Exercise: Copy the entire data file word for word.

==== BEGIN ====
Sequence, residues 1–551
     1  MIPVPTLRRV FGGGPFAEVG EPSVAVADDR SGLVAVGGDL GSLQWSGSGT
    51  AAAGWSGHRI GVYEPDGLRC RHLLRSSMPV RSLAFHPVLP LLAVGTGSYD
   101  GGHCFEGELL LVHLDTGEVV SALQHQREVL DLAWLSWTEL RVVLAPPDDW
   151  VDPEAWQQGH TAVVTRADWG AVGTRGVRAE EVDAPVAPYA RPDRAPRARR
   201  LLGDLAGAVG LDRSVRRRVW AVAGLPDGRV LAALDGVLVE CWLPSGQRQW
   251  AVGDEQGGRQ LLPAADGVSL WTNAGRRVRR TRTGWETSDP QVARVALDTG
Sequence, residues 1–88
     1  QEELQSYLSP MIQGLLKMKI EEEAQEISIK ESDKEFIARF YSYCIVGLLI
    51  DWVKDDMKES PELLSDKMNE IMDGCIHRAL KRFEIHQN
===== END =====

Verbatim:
Sequence, residues 1–551
     1  MIPVPTLRRV FGGGPFAEVG EPSVAVADDR SGLVAVGGDL GSLQWSGSGT
    51  AAAGWSGHRI GVYEPDGLRC RHLLRSSMPV RSLAFHPVLP LLAVGTGSYD
   101  GGHCFEGELL LVHLDTGEVV SALQHQREVL DLAWLSWTEL RVVLAPPDDW
   151  VDPEAWQQGH TAVVTRADWG AVGTRGVRAE EVDAPVAPYA RPDRAPRARR
   201  LLGDLAGAVG LDRSVRRRVW AVAGLPDGRV LAALDGVLVE CWLPSGQRQW
   251  AVGDEQGGRQ LLPAADGVSL WTNAGRRVRR TRTGWETSDP QVARVALDTG
Sequence, residues 1–88
     1  QEELQSYLSP MIQGLLKMKI EEEAQEISIK ESDKEFIARF YSYCIVGLLI
    51  DWVKDDMKES PELLSDKMNE IMDGCIHRAL KRFEIHQN